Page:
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Our first campaign was driven by the desire to provide sanitary products to a homeless shelter, because the government currently doesn’t provide funding for this, despite offering allowances for condoms and razors. Do you receive any local or national funding in this capacity?

MC: Women’s Aid in Luton is funded by the local authority (Luton Borough Council). Due to government cutback, our funding for the last financial year was cut and we are expecting our funding to be further cut this financial year. In order for Women’s Aid in Luton to continue its good and valuable work we will need to secure funding. We have women and children who come into refuge with only the clothes they are wearing and some who have not given a thought to thinks like toiletries and sanitary products, so we rely on the generosity and good will of donations from individuals, businesses and churches in the local area.

 Do you find that a stigma exists in relation to discussing periods? How do you think it might be combated?

MC: I personally do not find it difficult to talk about the need for sanitary products and on one occasion whilst visiting a client who was in hospital from our refuge provision, I brought her a gift bag with toiletries in it. This client mentioned that there were sanitary towels in there [and she] proceeded to tell me that her husband of 20 years did not allow her to buy any sanitary products and told her to use toilet roll instead, which she did, and even at that time, [when] she had been away fromthe abusive relationship for 5 months, she was finding it difficult to but sanitary towels without feeling guilty.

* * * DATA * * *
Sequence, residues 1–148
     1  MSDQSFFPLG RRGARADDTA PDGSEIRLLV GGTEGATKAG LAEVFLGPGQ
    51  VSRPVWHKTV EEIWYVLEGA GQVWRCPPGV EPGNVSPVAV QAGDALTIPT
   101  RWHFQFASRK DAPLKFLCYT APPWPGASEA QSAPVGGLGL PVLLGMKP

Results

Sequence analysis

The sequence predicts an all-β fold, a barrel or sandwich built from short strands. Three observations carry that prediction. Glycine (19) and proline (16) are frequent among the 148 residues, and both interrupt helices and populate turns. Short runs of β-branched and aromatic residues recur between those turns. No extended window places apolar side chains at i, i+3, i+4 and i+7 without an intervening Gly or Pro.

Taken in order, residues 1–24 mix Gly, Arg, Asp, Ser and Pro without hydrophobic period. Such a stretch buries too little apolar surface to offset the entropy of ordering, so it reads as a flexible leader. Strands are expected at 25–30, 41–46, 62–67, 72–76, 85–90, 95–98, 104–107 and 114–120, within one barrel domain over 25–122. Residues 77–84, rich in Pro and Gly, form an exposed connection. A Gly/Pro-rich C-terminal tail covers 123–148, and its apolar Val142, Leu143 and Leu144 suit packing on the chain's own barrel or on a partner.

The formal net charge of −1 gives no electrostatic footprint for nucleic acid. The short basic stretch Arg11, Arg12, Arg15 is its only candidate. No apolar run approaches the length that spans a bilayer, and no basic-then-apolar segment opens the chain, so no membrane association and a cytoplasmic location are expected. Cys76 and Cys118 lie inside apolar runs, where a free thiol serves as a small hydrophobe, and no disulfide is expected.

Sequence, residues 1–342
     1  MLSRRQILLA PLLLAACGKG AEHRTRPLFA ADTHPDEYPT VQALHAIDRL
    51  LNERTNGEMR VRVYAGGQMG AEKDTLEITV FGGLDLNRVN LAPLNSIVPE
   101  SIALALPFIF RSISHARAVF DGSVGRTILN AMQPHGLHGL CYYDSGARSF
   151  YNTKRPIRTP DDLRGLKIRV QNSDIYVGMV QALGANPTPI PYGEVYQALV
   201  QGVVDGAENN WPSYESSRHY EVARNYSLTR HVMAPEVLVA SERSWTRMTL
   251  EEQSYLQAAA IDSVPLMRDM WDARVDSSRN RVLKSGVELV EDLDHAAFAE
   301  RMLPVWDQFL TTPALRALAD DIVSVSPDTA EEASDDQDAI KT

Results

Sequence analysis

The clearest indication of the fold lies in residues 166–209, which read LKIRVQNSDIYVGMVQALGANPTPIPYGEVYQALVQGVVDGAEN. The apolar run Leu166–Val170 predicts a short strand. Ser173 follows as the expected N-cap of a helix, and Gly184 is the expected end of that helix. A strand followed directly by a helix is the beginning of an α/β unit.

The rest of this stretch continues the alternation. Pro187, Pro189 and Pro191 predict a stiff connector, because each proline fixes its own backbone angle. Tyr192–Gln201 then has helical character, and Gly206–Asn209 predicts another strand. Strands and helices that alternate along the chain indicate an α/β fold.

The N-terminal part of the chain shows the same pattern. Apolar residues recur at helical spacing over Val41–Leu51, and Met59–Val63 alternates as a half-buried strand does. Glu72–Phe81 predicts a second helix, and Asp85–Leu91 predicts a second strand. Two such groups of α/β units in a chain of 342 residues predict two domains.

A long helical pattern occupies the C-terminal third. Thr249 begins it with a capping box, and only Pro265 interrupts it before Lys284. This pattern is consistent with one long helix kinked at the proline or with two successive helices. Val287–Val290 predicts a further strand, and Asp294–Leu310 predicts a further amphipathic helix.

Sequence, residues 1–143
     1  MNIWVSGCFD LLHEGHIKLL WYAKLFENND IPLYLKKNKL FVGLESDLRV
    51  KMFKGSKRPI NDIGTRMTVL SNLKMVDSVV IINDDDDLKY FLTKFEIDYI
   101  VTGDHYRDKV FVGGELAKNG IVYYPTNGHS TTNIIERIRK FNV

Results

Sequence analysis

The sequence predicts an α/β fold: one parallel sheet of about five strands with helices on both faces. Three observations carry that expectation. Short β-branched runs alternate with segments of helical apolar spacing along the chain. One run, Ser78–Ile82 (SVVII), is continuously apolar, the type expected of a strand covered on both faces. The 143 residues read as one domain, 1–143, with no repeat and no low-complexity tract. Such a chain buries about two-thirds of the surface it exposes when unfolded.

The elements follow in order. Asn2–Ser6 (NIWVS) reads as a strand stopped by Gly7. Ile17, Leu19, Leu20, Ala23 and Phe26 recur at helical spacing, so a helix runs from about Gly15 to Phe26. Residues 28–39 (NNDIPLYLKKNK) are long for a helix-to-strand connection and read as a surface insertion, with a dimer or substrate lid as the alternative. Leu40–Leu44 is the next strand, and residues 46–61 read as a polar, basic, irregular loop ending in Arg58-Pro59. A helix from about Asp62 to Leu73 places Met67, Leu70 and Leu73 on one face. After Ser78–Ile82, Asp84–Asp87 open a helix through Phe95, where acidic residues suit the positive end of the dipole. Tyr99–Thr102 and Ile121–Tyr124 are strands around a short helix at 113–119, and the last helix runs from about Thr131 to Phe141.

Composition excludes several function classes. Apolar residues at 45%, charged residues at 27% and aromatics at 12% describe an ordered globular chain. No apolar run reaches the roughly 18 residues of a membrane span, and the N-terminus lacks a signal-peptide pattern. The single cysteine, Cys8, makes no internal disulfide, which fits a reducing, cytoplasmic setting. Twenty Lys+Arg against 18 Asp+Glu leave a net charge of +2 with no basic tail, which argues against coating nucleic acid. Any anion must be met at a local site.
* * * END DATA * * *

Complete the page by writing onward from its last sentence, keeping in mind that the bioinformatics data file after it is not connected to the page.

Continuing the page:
How do you feel that our campaign could benefit Women’s Aid in Luton?

I really think [A Bloody Good Cause’s] campaign would be beneficial to our organisation as sanitary products are always needed by the many women we see in our refuge and in the community.

A big thank you to Maria for taking the time to tell us so much about Women’s Aid in Luton!



 

BIRMINGHAM HOMELESS OUTREACH

From Luton, we’ll be heading up the M1 to England’s second largest city, to visit Birmingham Homeless Outreach, a volunteer-led organisation set up to raise awareness of homelessness, an awareness they believe is “practically non-existent” across the UK. Whilst long-term solutions are ideal, short term solutions and support are of a huge daily importance to people on the streets. BHO distributes food, clothes, toiletries and sleeping bags to homeless people in the city centre.

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WAYS TO DONATE:

Send us a Facebook message or an email to abloodygoodcause@hotmail.com to find out our drop-off/mailing address for donations.

Alternatively, you can select products to donate from our Amazon Wishlist and they’ll be delivered straight to our door at the click of a button!

 

Thanks for reading!

~ Sophie & Sanya